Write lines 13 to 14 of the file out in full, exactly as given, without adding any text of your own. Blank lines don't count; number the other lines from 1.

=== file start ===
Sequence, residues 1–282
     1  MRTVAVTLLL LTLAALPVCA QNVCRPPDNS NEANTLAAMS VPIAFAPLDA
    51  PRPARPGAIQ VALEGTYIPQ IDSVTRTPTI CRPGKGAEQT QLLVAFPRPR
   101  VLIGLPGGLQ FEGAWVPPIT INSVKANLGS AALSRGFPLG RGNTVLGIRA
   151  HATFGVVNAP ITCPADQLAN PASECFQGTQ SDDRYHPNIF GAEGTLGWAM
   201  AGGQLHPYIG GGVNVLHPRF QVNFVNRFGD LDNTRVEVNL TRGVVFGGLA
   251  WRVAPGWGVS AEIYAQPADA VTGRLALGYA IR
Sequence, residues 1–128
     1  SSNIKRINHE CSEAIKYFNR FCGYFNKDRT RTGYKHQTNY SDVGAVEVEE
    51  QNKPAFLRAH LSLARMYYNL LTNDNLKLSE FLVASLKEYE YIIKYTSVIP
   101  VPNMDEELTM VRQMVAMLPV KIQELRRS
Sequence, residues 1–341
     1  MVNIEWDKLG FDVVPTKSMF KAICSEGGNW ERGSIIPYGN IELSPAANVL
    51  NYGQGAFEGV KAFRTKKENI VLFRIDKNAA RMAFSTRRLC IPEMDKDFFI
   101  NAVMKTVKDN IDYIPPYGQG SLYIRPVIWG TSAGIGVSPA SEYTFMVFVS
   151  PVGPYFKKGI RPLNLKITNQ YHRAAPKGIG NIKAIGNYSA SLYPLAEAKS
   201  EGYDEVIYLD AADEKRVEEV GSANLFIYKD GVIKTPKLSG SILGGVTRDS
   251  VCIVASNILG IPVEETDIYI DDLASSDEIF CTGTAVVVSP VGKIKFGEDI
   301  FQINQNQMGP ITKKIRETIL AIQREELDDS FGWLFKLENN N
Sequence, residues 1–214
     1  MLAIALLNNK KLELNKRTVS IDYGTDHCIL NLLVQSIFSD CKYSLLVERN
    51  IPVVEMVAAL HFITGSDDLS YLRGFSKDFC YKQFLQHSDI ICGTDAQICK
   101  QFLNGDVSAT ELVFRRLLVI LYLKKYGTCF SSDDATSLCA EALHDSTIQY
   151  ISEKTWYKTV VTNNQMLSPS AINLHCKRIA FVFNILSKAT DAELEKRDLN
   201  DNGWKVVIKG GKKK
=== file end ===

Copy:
     1  MVNIEWDKLG FDVVPTKSMF KAICSEGGNW ERGSIIPYGN IELSPAANVL
    51  NYGQGAFEGV KAFRTKKENI VLFRIDKNAA RMAFSTRRLC IPEMDKDFFI